Random Thoughts Indexed

Types of transcendent or spiritual experience:
Some meditational states

Why do I say "some?"

Because I think that many sorts of meditation are merely tools for organizing one's mind (or brain... they are the same thing).

The mind is an incredibly complex thing, and maintaining a healthy one can take on many aspects. For some people, "meditations" are used where they follow a formal or even ritualized process of visualization in a peaceful setting. These could range from the mundane (imagining oneself being confident and successful at work) to the more sublime (processes intended to calm the mind or enhance problem solving by indirect means). These are not in and of themselves transcendent experiences, thay are (hopefully valid) methods of acheiving and /or maintaining good working order in the complex machine that is one's mind.

Some forms of meditation, however, are intended specifically to catapult one into a transcendent state. I am not a student of these in a formal sense, although I certainly am aware of things I can do (or not do) which increase the likelihood of my "taking leave of my senses" for a while.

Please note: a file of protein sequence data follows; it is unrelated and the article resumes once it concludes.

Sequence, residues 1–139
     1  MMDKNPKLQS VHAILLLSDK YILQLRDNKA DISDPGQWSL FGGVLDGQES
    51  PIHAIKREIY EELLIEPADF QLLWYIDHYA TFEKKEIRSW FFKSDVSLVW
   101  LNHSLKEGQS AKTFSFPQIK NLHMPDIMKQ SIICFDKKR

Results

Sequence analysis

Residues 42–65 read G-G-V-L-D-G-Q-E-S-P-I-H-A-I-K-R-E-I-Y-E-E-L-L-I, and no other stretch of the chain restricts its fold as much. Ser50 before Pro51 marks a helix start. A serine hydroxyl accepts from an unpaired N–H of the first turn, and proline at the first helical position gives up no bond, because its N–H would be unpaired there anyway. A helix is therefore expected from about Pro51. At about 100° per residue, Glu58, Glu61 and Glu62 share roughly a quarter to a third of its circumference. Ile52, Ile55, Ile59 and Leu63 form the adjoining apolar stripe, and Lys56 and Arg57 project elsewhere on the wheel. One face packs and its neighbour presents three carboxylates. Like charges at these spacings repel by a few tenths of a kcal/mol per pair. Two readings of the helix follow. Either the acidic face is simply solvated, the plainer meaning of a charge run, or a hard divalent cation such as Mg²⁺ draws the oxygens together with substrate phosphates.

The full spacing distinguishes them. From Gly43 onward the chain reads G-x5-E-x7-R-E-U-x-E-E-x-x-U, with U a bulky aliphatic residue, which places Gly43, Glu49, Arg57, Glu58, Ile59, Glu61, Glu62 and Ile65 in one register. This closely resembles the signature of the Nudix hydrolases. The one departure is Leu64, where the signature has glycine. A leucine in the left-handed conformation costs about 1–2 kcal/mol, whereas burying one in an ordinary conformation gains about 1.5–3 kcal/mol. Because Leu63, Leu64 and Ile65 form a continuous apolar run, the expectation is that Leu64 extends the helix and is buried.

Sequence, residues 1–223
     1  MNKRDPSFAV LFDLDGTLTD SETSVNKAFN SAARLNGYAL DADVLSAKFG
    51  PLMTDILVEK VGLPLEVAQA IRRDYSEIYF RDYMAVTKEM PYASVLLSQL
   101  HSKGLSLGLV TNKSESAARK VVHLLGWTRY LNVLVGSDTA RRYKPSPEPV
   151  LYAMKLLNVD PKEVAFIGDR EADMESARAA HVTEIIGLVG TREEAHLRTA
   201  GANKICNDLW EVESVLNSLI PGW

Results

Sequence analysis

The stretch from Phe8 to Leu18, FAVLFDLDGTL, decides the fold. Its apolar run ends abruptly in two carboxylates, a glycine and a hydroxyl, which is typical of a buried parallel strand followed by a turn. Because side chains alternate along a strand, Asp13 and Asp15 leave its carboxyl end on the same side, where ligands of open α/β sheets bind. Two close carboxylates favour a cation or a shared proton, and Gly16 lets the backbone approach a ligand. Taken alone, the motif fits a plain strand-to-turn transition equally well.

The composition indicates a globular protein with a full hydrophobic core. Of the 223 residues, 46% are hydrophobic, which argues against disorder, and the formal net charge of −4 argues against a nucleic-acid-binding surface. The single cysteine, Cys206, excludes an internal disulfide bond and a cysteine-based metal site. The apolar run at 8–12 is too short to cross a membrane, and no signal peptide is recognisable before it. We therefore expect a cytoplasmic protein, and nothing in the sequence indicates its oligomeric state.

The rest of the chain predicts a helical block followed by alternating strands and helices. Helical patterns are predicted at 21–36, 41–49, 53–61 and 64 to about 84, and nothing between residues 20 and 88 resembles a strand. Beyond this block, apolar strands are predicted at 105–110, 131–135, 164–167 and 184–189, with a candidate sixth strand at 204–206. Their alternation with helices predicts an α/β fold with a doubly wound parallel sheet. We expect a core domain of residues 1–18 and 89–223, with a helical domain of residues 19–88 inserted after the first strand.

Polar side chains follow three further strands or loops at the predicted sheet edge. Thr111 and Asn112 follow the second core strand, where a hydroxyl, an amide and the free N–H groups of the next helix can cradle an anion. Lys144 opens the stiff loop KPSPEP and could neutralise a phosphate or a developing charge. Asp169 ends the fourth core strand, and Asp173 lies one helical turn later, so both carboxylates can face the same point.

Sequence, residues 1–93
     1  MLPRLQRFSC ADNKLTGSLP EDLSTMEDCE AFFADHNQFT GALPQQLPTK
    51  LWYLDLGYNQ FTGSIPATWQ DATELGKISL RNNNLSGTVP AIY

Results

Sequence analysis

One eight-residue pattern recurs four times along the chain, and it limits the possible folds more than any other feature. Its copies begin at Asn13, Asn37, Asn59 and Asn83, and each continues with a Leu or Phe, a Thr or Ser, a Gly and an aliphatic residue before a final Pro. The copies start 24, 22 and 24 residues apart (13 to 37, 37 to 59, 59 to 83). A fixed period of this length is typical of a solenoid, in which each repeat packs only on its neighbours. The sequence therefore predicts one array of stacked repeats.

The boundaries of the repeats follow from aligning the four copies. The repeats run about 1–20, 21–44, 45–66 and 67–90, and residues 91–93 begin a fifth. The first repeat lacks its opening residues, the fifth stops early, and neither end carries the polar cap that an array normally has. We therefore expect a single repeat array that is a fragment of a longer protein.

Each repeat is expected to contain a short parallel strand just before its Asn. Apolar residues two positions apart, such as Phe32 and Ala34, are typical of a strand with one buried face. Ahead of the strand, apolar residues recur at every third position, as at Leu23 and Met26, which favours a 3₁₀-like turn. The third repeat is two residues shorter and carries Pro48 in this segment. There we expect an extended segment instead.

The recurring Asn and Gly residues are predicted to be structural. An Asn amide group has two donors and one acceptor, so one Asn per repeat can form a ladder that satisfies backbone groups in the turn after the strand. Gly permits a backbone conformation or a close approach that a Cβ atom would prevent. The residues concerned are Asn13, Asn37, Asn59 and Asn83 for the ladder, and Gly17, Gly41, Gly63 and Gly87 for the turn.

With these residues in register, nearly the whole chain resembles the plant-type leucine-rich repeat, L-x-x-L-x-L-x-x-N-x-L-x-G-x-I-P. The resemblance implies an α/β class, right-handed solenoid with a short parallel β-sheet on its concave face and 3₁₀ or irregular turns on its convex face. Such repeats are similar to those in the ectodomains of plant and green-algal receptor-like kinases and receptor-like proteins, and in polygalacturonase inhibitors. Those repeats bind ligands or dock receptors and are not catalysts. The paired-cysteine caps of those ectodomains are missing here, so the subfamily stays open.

For me, the strongest path I have found is simply to want to do it. Keeping in my mind on a daily basis the goal of transcendence has proven to be alarmingly good at getting me there, although without a certain amount of control over it that would be fortuitous. In a sense, this "wanting" is a guided meditation of sorts. I spend time remembering past feelings of transcendence, and imagine a bit how it will feel to experience this again, and as tiem goes by it becomes more likely that not only will I enter these states but that they will be stronger than before.

I suppose I could use a similar approach to getting a better handle on how much my will is involved in when I want to go and my ability to cope with the results - but maybe not. So far, the more intense ones have been rather distracting from the ordinary flow of life and requirements and obligations imposed on me by this world. Still, it's worth it!


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© Huw Powell

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